THREE 60-year-old trees have been cut down just weeks out from being added to the City of Cockburn’s Significant Tree Register.
The trio of sugar gums were removed from the corner of Rockingham Road and Coleville Crescent on Saturday, much to the surprise of the City of Cockburn.
An investigation by the City has returned little so far.
The trees were on land owned by the Department of Health (DoH), adjacent to the council’s administration building.
DoH said maintenance of State Government owned property was managed by the Department of Finance’s building management and works division.
However, the Department of Finance says it has no record of authorising the work.
Cockburn Mayor Logan Howlett said the City was in discussion with senior staff at DoH’s dental health services sector “on the matter of the process and authorisation for the removal of the trees”.
“The City does not believe that the Department of Finance will be able to add anything to the debate,” he said.
“While City staff and residents feel the frustration of not yet resolving the situation, due process must be followed in checking all and any evidence on this matter before reaching a conclusion on responsibility and possible remedy.”
The lost trees were three of 45 established trees located near Cockburn’s administration site, senior’s centre and the local bowling club which deputy Mayor Carol Reeve-Fowkes had sought to have added to the City’s tree register.
The public consultation period had finished.
With support from her fellow councillors, the trees were likely to have received entry into the register next month.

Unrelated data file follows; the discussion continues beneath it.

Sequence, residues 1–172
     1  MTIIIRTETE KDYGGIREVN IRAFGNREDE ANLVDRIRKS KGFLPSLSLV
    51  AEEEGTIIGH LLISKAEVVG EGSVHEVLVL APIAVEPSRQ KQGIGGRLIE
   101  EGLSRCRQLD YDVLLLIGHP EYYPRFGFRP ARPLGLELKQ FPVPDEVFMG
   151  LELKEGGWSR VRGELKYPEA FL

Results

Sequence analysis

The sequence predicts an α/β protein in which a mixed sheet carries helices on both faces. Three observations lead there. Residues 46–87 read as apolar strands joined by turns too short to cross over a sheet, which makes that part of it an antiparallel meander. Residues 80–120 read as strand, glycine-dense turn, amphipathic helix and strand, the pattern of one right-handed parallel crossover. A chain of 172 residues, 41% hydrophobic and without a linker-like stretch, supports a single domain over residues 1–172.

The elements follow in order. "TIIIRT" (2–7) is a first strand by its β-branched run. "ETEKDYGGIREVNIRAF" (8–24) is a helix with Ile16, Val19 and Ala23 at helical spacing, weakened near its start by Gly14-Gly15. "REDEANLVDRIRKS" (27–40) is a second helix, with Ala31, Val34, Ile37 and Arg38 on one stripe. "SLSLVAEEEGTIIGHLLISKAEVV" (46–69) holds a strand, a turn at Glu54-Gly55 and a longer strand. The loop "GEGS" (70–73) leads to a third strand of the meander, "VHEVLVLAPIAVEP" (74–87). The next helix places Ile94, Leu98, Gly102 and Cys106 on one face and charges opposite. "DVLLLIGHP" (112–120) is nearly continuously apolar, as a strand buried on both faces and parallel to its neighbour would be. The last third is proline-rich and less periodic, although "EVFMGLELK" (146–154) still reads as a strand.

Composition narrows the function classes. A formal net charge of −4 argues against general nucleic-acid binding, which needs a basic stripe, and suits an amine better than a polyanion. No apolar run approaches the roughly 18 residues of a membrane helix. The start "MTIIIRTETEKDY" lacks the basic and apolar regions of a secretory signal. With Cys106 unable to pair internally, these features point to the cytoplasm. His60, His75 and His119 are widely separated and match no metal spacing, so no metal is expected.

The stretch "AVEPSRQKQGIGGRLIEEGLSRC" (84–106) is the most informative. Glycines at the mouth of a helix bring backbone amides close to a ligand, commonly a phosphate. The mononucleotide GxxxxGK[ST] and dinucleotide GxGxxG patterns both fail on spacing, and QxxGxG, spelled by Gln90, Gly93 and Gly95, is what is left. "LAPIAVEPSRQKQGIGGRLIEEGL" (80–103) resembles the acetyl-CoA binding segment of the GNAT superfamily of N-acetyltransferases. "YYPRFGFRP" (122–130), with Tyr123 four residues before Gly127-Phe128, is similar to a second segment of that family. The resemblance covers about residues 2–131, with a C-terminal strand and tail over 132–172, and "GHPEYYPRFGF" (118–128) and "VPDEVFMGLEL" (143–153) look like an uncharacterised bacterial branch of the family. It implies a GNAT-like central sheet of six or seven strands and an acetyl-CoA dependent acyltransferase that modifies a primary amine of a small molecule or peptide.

Mr Howlett said inclusion of the trees on the register would have meant anyone keen to remove them would have required council approval.
Mrs Reeve-Fowkes was gutted.
“In trying to preserve mature trees and beautify the Rockingham Road-Phoenix precinct, it is particularly galling to see an external State Government decision-maker annihilate our heritage trees in this way,” she said.
Cr Phil Eva likened the tree felling to “vandalism”.
“The trees were a symbol for Cockburn. They were over 60 years old,” he said.
“They’ve grown beautifully and now they’ve been cut down by the State Government.
“It is wanton vandalism. Once we sort this out we want those trees replaced with some pretty large gum trees.”
The three removed trees were numbered one, two and three in a City of Cockburn report sent out for public consultation.
Tree one’s prominent position meant it was noted as “providing a local landmark”.
In the report produced for the July council meeting, a City officer said the 45 trees identified for the register, including the three cut down, were valuable because of their size and age, because they have prominent canopies and because they are in good health.
“In addition, they make a major contribution to the landscape character and are prominent within the immediate precinct,” the officer said.